This practice extends to social media outlets. Facebook is a great tool in the hands of the Azerbaijani PR machine. Facebook whistleblower Sophie Zhang disclosed that she “saw the most ongoing harm” by Azerbaijan’s ruling political party’s abuse of Facebook to mislead its own citizen to crush the opposition and organize attacks on the Armenian population in Artsakh. The corruption of the Azerbaijani government is well-documented, as is the brutality of its soldiers and their war crimes. Yet the leader of Azerbaijan claims that “the life of Armenians in Karabakh will be much better than during the occupation.”
Against my better judgement, I succumb to the pressure of Monte’s fans, and land on Instagram. My aim is to provide accurate information to rebuild the true image of the warrior. No extra love or hate, simply the truth as I know it, backed up by the privilege of documentation that I possess.
My posts are photos, brief explanations, documented events, and direct quotes. I depict the character of “The Armenian Che Guevara,” as one Western journalist had called him. I underscore ideals that he held dear: fight for the oppressed, as he fought for the Palestinian people in Lebanon; solidarity with all people’s movements, as he showed solidarity with the Kurdish and Turkish progressive freedom fighters; protection of all innocent lives, just as he showed mercy to all in Artsakh. I recall his strict discipline and instruction to his soldiers to save innocent lives, no matter whose it was.
My Instagram is vibrant. Along with support messages, I get a few hate notes, alleging terrorism, murder, and cruelty. Facts have lost credibility. Social media has no place for truth. Its new reality has taken over. Stories of warriors — a rare breed — are not part of it. I think of Malcom X. Society’s resistance to uncomfortable truths saddens me.
One by one, photos of my homeland, photos of my people, photos of my late commander husband, even photos of us two together in civilian clothes — are blocked by Instagram, followed by warnings. I wonder about my rights. I “Report a Problem,” I complain and explain. Photos get reinstated and unblocked. I get generic apology messages.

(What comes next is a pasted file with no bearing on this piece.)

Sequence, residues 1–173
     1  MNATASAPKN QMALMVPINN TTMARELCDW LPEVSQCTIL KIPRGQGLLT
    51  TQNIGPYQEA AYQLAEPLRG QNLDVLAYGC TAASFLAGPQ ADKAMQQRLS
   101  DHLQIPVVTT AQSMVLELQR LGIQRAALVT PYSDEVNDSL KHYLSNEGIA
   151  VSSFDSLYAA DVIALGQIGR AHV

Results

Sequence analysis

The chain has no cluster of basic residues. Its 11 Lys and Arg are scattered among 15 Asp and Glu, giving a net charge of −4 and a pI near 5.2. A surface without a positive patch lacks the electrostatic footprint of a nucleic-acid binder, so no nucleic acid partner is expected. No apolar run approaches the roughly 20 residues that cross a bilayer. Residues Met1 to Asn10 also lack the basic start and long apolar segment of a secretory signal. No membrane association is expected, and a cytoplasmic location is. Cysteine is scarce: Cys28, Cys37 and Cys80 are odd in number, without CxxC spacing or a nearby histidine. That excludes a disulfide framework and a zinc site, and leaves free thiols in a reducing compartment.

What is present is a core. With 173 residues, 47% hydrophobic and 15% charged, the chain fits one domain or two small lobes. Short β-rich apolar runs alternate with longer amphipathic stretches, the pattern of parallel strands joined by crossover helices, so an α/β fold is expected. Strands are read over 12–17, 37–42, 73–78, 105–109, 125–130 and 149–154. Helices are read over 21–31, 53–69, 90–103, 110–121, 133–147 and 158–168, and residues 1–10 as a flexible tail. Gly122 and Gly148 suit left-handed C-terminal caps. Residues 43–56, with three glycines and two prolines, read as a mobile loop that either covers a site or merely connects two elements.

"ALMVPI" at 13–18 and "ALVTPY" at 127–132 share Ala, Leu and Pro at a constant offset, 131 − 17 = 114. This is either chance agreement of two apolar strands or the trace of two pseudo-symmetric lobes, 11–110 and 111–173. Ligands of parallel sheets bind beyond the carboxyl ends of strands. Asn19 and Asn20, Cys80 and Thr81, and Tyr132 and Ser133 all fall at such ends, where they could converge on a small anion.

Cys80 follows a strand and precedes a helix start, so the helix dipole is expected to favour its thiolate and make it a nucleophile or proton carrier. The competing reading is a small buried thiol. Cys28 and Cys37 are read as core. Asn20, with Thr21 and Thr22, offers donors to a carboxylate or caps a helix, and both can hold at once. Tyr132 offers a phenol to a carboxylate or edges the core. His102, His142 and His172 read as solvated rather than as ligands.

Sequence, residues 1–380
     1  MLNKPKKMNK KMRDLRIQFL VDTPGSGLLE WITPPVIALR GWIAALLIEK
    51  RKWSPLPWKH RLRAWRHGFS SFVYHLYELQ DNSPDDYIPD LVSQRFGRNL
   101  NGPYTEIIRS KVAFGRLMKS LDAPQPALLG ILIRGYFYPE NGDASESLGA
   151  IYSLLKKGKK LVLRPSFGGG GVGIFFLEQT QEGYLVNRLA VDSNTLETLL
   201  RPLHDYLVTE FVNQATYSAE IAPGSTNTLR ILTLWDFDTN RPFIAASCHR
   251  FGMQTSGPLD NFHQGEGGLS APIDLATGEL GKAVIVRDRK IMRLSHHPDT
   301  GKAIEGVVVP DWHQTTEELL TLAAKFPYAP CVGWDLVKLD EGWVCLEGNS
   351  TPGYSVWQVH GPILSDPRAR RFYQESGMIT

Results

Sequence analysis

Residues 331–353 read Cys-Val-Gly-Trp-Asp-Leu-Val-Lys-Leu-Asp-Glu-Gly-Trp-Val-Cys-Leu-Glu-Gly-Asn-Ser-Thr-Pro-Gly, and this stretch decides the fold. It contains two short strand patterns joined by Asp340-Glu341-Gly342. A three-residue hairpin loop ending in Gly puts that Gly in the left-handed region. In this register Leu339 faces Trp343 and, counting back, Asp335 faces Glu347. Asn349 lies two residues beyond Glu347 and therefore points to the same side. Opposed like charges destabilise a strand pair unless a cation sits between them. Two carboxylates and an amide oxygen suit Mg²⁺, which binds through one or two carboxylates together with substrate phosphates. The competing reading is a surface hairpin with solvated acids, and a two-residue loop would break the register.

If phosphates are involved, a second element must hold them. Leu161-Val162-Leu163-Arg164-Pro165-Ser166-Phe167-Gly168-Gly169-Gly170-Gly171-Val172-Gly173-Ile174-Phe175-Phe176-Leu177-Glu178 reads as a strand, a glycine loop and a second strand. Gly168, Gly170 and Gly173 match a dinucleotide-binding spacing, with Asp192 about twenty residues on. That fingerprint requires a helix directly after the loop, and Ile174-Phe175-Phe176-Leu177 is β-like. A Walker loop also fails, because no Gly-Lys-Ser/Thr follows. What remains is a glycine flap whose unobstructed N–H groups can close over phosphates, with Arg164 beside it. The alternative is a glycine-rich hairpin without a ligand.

On the anniversary of his death, I post the black-and-white photo from the lapel pin on his soldiers’ fatigues twenty-eight years earlier. I tell the story, and very soon my Instagram account is gone. “Deleted,” the Instagram message says.
My truth seems defenseless against the arbitrators and perpetrators of untruths. My 120,000 Artsakh compatriots’ truth is invisible on the oil-rich Azerbaijani canvas. A fluid truth has conquered the social media space. Instagram’s mission statement claims “to capture and share the world’s moments.” My moments, though, do not count. Instagram creators claim that one can “Connect with more people, build influence, and create compelling content that’s distinctly yours.” But mine might be too “distinctly mine,” and cannot be permitted.
Facebook’s mission statement claims “to give people the power to share and make the world more open and connected.” Just not to all people. On every anniversary commemorating my husband, thousands of Armenian users’ Facebook accounts are flagged, receive warnings, restrictions, and blocks, even when their posts are reposts from mainstream media or government sites.
People send me screenshots of their blocked Facebook pages and Instagram accounts. I throw up my hands. I click the X on the right corner of my computer screen. The internet is folded. A clean white screen returns my gaze. I position my fingers on the keyboard. A line of black letters marches in smooth progression, making room for my truth.